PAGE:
Cornwall Insight’s head of research Ed Reed said he agreed that a CfD with a floor price could make zero-subsidy projects more attractive to investors and alleviate concerns about the effect of wholesale prices.
“There is a lot of interest in the renewable energy sector at the moment that subsidy-free investment could call forward significant renewable generation capacity, but we have cautioned that the outlook for wholesale power prices challenges these assertions,” he told OWJ.
In its Wholesale Power Price Cannibalisation paper, Cornwell Insight detailed how the value earned from wholesale power is going to become increasingly important for renewables investments as subsidies are removed.
As highlighted above, price cannibalisation that arises from the influence on the wholesale electricity price at times of high output from intermittent, weather-driven generation – such as wind – leads to suppressed or sometimes negative wholesale power prices. The greater the fraction of output on the system to meet demand from intermittent generation at any given time, the greater this effect becomes.
“We are hearing that developers are being offered PPAs where price cannibalisation effects are already factored into the offer, which may be risking investment, and alternative approaches to underpin investment would likely be welcomed with open arms,” Mr Reed said. “Against this backdrop we have begun to explore how wholesale revenue stabilisation mechanisms will be necessary to attract investment in renewables while keeping consumer costs manageable.”
“For generation that is commercialised – by which we mean anything that can currently compete in an auction for a CfD we see merit in developing a CfD floor price,” Mr Reed told OWJ.
“Project finance banks will always want to de-risk wholesale price exposure. Under a floor price CfD, contracts would be auctioned in the same way as today, but applicants would bid in the floor price, rather than the fixed price payment they require to make the project investable.
“If wholesale power prices fall below the floor price, then levy funded payments would be made to the recipient up to the floor. Where wholesale power prices rise above the floor again, the recipient would not receive the positive difference until the gross value of payments received under the CfD had been reimbursed to the Low Carbon Contracts Company.
“The potential for investors to capture upside would likely mean a lower floor price would be acceptable than the fixed strike prices currently bid into CfD auctions.
“Investors are likely to view the floor level as the means to raise their target level of project finance debt,” said Mr Reed. “Only if wholesale power prices were drastically below the floor price for most of the 15-year CfD period would there be any serious risk of unrebated consumer costs. This is unlikely. In simple terms, investors would capture some upside with a safety net capable of raising debt, while consumers remain protected against rising levy costs in a rebate-style model.”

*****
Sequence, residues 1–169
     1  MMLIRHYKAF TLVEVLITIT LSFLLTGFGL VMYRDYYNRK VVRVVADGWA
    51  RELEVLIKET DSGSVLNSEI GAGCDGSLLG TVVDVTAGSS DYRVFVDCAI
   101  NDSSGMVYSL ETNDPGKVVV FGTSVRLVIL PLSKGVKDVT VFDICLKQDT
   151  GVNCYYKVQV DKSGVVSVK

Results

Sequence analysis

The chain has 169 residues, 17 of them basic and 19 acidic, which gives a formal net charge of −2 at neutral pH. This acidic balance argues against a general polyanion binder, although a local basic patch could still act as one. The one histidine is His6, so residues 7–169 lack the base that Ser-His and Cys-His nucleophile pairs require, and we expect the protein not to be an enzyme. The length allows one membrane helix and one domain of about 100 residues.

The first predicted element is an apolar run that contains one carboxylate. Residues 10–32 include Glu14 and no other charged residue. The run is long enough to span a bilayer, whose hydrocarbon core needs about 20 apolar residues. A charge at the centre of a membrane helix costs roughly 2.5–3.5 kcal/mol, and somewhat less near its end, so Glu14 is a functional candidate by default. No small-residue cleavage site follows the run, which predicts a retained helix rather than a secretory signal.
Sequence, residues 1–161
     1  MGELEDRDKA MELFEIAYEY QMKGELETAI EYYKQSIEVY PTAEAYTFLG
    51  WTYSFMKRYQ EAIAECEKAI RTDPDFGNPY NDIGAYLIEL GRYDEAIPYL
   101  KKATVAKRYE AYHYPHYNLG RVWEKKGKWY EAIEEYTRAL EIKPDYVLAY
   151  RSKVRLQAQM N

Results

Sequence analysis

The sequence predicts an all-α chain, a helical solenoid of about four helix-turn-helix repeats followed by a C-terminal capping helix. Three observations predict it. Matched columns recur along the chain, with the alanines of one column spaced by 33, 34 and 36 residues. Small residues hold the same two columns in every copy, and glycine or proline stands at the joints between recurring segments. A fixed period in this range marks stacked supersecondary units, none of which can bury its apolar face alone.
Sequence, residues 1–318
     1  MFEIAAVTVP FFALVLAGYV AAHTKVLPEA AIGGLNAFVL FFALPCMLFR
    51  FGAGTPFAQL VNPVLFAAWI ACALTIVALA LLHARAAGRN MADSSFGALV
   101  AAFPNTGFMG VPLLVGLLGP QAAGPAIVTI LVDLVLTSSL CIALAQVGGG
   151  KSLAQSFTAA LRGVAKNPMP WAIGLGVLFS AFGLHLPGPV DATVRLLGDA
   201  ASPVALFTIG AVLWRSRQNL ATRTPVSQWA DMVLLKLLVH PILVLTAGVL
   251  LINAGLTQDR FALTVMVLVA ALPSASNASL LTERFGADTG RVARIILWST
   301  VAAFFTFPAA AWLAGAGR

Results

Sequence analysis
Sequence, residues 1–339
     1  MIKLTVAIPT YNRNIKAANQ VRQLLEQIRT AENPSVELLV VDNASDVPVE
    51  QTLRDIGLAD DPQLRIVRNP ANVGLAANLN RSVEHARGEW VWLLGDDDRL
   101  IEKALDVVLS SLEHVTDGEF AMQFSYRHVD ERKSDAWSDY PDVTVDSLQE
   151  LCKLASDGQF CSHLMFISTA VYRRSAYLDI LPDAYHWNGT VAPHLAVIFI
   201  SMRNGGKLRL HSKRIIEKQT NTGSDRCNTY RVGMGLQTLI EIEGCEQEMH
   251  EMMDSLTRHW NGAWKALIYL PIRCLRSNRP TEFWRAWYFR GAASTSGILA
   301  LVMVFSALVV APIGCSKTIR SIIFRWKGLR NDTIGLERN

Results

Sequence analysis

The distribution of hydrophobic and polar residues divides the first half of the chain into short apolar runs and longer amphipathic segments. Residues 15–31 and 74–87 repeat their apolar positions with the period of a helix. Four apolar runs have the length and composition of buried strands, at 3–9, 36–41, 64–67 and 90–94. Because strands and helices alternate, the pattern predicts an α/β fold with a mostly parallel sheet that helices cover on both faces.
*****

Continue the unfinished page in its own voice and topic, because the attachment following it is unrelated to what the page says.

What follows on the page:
As Mr Reed noted, a Department for Business, Energy & Industrial Strategy senior official recently confirmed there would be no changes to the CfD rules ahead of the next CfD auction in 2019, but with a longer-term review of the EMR under way, there will be opportunity for the case for reform to be made.
Looking even further ahead, in the far long-term, the next generation of offshore wind – widely perceived to be floating offshore windfarms built further offshore, which will have much larger capacity than existing bottom-fixed windfarms, where more regular winds will reduce intermittency – could enhance its credentials as a form of generation.
“Floating offshore wind could also potentially have a role in the capacity market,” Mr Batten told the Global Offshore Wind 2018 conference, thanks to its high capacity factor and regularity.
* Government regulations contain provisions which enable renewable capacity to move from renewables obligations and CfDs to the capacity market, but technology already receiving state aid, such as offshore wind, would not be consistent with the European Commission’s capacity market state aid clearance. That would suggest that offshore wind could not compete in the capacity market until wholly subsidy-free.